1. Things to include on your CV
Put your name in bold and centralized at the top of the page. Just below, add your contact details including mobile number and email address. Add a professional portrait photograph. The latest trend is to include a link to your LinkedIn profile (ensure that this is up-to-date).
Write one sentence about who you are and where you want to go in your career. Next, write a short paragraph highlighting your achievements and goals (three to four lines). Match your skills to the particular requirements of the position. Prospective employers are interested in finding a person whose goals align with theirs. Do your research.
Start by mentioning your most recent experience and work your way back (reverse chronological order, in other words, 2020, 2019, 2018). With every job, outline the key responsibilities, skills and achievements. Use strong verbs such as ‘managed’, ‘arranged’, and ‘organized’ and list your responsibilities.
(Position) Sales Engineer
(Company) Green Solutions- (Dates)May 2017 to Feb 2020
Responsibilities included- managing research and data analysis, writing reports, arranging meetings with clients
Key achievements – Team leader on project 2019
Start with your most recent educational qualifications, and add the institution and the dates. If you have just finished school or university, list the specific subjects that relate to the position. If you have worked for some time, include professional training qualifications.
Masters in Business Administration, University of Cape Town, 2019
List your abilities, including languages and tech expertise. Don’t go overboard, select the most important.
Share interests to show that you are a well-rounded person, with a balance of sport and cultural interests. Include volunteer activities, especially if you are beginning your career, which show your ability to take the initiative and contribute to the community. Volunteering is a great way to gain experience in the field and practice leadership.
References are letters of recommendation from a professor or former manager. You could name references including the person’s position and contact details (but better to ask the person first!). Alternatively, say ‘references will be provided upon request’, which means that if they need a reference, you will share their contact details at a later stage.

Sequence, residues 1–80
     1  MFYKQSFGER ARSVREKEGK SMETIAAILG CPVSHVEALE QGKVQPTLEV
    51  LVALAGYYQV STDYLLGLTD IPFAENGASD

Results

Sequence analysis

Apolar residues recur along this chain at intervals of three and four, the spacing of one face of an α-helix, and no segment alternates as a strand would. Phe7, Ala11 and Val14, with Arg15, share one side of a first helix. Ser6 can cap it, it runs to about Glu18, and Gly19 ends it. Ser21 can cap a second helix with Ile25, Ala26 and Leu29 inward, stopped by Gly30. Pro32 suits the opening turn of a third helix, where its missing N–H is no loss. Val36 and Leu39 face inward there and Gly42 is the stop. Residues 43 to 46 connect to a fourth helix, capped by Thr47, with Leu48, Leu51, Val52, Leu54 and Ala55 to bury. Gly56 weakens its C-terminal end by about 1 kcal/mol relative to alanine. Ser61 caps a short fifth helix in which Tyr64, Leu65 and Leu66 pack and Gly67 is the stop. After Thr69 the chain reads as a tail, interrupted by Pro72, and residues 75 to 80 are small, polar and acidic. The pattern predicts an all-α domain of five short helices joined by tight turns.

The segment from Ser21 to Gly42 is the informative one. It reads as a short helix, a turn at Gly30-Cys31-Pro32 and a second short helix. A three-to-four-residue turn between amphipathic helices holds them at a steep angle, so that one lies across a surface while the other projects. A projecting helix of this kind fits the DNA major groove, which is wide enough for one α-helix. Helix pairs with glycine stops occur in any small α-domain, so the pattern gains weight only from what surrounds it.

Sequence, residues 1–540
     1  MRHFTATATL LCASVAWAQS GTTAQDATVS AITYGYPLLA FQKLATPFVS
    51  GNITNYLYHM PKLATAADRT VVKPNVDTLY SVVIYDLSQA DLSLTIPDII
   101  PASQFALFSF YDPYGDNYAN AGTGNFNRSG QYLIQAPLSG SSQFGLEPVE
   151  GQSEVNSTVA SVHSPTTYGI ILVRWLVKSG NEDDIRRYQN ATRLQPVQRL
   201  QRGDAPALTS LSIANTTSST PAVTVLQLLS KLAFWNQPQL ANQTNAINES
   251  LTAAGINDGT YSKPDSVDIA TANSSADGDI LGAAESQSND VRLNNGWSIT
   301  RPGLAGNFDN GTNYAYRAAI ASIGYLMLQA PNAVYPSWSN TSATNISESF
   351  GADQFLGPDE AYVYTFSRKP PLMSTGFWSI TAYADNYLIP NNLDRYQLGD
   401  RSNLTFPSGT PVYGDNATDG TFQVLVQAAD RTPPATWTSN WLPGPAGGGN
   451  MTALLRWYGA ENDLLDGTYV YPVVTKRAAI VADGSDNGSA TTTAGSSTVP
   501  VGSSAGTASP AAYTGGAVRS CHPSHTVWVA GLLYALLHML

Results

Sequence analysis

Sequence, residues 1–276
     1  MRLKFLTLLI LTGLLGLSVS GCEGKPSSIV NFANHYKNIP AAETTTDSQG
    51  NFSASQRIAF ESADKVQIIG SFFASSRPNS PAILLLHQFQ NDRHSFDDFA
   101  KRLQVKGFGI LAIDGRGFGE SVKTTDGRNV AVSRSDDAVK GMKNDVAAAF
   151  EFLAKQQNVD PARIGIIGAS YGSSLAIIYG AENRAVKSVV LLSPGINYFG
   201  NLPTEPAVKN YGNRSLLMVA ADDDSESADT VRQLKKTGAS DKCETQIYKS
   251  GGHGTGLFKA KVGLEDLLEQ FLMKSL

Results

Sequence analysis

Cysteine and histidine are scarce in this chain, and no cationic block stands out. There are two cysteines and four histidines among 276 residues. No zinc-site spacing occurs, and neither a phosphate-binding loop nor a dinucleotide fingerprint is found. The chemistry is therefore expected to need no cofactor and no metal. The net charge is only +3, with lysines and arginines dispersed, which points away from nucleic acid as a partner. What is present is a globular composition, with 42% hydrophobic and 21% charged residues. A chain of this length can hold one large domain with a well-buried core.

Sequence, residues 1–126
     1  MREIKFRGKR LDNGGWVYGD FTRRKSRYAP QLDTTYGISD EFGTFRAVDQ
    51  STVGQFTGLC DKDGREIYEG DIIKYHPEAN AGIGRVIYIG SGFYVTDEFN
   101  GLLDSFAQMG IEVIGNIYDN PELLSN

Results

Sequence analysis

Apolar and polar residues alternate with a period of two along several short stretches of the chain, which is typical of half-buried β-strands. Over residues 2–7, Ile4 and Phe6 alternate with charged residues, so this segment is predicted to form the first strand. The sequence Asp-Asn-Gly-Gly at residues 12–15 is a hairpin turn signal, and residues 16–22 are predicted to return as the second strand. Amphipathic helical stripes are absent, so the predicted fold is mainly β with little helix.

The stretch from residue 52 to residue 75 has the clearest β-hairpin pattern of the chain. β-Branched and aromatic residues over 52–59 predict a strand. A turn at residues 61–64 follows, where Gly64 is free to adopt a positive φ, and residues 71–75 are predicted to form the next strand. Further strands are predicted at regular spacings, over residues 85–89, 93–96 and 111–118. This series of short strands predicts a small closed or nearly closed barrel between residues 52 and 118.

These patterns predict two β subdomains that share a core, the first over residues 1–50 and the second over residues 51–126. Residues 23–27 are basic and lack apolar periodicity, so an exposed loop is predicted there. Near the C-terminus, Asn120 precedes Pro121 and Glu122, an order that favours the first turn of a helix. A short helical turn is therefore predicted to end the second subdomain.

2. Things to avoid on your CV
– Writing CV at the top of the page. It is obvious that this document is a CV. Your name at the top is enough.
– Adding your date of birth and marital status.
– An autobiographical account of your life. Stick to two pages maximum, with essential information first. It’s alright for your CV to be one page especially if you’ve just started your career.
– Irrelevant information and experience. Your CV should speak directly to the job description.
– Negative information that puts you in a bad light. Use this document to shine.
– Putting family members as a reference. Family are biased and will not be able to provide an objective view.
– Lying on your CV. This is fraud. If found out, it will cost you the job and your reputation.
3. Format and layout
There are some standards that you must adhere to when putting your CV together. Font size 10/12 for text and 14 /18 for headings. Font: Arial, Calibri or Times New Roman. Keep the font consistent throughout. Don’t use numbers with headings, as this can create confusion. Check CV structure on the Internet. Find something that reflects your personality and your field.
Before pressing send, proofread the document. Proofreading allows you to reformulate your sentences, delete repetition, identify grammar and punctuation mistakes. Mistakes show carelessness which could blow your chances of getting an interview. Show a strong work ethic by delivering a perfect document.
Your CV should highlight your best characteristics and experience. The purpose of a CV is to get you an interview, and it is your chance to make a strong first impression. Get started and all the best!
By Annaelle More